MIAMI DOLPHINS

Despite the sub-par play of Gus Frerotte, Dolphins coach Nick Saban is still sticking with the 12-year veteran as his starting quarterback entering Sunday's home game against New England.

The public cries for Saban to bench Frerotte in favor of Sage Rosenfels continued after the former's shaky performance in last Sunday's 17-10 loss to Atlanta. Frerotte threw a third-down interception deep inside Atlanta territory with less than three minutes remaining to severely damage Miami's comeback chances. Frerotte finished 13 of 22 passing for 103 yards and no touchdowns as the Dolphins (3-5) failed to convert any of nine third-down attempts.

"I guess we will always have hopes that the backup quarterback will solve all of our problems," Saban said Monday when asked about the quarterback situation. "Nobody here is disappointed in Sage. You have heard me say that time and time again.

"I think it is a slippery slope when you start (changing quarterbacks) because now you really create a lot of chemistry issues. What if that doesn't work out well? What do you go back to? Where do you go next? We evaluate what everybody is doing and we are going to make the decision based on who is going to give us the best opportunity we feel to win."

Saban pointed out that Miami's offensive failings aren't all Frerotte's fault, as tailback Ronnie Brown dropped two third-down passes and wide receiver Chris Chambers also flubbed a reception.

"I think there is a lot of potential there," Saban said of his corps of receiving targets. "We have good enough receivers that they can be a little more productive. We just have to tie it together and be more consistent in what we are doing and execute better. We can't drop balls -- none."

Asked what he can do to offer support to a struggling quarterback, Saban said, "You have to be positive and supportive and definitely show people that if they execute and do what they are supposed to do and make good choices and decisions, they need to believe that that will help them get the best outcome. You can't force things to happen. We'll have bad plays when we do that."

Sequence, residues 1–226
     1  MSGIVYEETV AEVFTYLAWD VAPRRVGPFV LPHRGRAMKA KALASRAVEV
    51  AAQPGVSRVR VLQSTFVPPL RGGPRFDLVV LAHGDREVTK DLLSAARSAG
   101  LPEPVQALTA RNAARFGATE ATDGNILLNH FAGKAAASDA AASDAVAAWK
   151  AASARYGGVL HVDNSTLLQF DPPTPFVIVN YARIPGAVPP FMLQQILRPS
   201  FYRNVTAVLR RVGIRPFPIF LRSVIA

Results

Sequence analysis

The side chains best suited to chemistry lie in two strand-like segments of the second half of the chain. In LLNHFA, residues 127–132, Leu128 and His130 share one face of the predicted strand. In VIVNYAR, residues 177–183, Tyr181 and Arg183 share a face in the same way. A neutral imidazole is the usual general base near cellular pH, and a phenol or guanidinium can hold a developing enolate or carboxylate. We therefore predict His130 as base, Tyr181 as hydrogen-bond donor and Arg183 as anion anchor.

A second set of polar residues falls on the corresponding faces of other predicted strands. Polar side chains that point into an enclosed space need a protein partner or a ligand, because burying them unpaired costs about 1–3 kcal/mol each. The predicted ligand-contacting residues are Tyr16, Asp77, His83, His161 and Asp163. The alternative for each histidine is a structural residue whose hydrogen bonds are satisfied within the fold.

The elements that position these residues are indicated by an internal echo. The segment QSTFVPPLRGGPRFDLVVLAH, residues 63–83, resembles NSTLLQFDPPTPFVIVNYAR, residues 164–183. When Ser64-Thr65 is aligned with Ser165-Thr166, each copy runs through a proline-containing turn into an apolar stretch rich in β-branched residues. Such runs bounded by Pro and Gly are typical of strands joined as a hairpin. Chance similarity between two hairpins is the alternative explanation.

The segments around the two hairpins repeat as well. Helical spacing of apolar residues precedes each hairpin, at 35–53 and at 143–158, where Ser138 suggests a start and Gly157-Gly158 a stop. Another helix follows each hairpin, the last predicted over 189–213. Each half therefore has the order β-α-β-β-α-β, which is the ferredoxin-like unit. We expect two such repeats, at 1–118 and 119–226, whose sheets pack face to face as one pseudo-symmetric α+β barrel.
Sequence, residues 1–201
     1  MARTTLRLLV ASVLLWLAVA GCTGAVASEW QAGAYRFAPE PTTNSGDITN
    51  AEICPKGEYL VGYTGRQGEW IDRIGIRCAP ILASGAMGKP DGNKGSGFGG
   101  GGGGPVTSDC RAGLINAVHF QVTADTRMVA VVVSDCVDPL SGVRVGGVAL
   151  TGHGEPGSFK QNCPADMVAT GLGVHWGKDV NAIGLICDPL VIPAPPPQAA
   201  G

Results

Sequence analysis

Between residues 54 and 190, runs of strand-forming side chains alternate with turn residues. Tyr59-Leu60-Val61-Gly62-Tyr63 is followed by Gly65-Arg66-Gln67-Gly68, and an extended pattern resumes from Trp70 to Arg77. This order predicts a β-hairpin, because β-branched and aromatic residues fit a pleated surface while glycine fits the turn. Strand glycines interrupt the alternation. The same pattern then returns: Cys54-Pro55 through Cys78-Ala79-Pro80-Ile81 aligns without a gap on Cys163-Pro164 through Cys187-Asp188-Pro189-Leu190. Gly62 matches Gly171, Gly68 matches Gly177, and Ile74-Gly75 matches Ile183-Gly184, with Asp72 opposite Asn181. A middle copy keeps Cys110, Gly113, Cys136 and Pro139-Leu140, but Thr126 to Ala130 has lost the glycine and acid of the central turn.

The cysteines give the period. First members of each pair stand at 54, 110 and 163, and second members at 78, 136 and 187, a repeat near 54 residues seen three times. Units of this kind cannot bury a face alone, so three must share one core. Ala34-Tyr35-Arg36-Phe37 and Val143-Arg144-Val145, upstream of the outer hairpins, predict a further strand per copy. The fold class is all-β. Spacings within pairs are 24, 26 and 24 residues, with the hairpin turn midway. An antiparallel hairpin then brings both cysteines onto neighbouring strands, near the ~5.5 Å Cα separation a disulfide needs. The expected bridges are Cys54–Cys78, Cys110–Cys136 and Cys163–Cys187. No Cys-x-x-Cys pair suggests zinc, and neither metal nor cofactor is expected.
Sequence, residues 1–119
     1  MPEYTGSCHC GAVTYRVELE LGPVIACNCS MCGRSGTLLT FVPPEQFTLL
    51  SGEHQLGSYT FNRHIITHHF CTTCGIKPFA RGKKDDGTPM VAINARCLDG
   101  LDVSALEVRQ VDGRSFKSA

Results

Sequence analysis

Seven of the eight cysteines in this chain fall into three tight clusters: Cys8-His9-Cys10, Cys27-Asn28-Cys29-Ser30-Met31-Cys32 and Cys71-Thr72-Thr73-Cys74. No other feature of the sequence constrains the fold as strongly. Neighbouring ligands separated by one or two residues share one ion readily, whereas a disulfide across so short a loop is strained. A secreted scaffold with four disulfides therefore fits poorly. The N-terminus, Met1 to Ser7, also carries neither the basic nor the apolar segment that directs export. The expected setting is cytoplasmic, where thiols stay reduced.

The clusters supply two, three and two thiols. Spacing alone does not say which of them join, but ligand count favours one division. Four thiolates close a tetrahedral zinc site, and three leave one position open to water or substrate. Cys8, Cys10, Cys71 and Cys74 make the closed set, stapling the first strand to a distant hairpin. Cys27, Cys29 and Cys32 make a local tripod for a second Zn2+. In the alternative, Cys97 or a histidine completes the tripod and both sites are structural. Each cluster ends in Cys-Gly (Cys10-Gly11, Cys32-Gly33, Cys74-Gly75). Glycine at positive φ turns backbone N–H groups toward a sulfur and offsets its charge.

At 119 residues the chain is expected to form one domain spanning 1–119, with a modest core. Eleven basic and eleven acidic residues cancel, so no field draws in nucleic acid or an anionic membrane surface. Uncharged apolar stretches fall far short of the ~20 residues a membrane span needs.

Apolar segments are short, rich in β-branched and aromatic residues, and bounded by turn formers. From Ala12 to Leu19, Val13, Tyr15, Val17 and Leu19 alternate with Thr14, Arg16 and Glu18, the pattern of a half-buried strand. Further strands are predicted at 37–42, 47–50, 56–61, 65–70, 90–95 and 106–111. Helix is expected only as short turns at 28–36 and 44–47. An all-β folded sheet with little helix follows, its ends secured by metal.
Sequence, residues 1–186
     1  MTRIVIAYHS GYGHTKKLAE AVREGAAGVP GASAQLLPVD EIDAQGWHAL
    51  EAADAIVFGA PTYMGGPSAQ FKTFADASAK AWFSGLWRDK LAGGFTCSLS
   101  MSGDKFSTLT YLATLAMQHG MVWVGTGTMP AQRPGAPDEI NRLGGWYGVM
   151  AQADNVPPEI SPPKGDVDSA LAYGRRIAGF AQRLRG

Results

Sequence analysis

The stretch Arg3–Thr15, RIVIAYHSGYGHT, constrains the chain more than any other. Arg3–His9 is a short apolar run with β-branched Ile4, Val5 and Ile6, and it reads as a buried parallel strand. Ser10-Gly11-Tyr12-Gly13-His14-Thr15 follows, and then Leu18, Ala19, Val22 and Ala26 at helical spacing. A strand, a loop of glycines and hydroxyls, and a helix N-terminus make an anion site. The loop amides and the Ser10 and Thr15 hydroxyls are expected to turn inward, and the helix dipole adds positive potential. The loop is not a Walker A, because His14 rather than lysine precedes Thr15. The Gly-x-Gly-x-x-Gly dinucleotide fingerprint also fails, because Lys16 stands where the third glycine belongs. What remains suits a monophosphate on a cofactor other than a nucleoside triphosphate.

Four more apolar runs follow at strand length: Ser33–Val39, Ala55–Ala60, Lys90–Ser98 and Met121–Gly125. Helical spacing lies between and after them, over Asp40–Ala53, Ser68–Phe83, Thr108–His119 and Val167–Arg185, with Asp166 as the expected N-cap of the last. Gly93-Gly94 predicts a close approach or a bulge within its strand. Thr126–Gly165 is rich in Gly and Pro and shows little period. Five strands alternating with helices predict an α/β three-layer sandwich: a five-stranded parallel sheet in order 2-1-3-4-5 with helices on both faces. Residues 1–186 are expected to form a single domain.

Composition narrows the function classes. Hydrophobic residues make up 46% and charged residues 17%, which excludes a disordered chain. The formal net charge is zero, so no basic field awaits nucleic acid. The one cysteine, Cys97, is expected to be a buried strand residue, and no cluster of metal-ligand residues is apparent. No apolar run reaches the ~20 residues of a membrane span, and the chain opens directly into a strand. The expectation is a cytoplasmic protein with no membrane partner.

NEW YORK JETS

Perhaps you've heard this one before -- the Brooks Bollinger era starts Sunday when the Jets visit Carolina.

Coach Herm Edwards made official Monday what most everyone had suspected after Sunday's game against San Diego, when he named Bollinger the starter. Of course, Bollinger also was named the starter before the Jets' game at Baltimore on Oct. 2, and that didn't last very long.

Bollinger went 14-for-28 for 149 yards with no touchdowns and no interceptions in a 13-3 loss, running a game plan more conservative than Bill O'Reilly. Offensive coordinator Mike Heimerdinger opened things up when Bollinger was inserted in the third quarter against San Diego, and should do the same here.

"We opened it up a little more than Baltimore," Heimerdinger admitted. "We gave him some shots at deep things that we probably didn't in Baltimore. Some things that Brooks does good we'll try to build on."

At 2-6, the Jets might as well find out if Bollinger can play in the NFL, even if they don't view him as more than a backup long-range. Bollinger will turn 26 next week, while Vinny Testaverde will turn 42 the same week.

Much like Chad Pennington, Bollinger has been criticized for a perceived lack of arm strength, although he did overthrow Justin McCareins on an out route in the third quarter Sunday. But his ability to make plays on the run is invaluable for a quarterback playing behind a banged-up offensive line.

One of Bollinger's shortcoming-literally-is his lack of height. Listed at 6-1 but probably standing under 6 feet, he had three passes batted down at the line of scrimmage against San Diego.

"It's a frustrating thing," Bollinger said. "But I am what I am. I just have to find a way to decrease that in crucial situations."

"We've got to break an old habit that he's too short on his drops," Heimerdinger said. "It's not his release so much as the depth of his drops."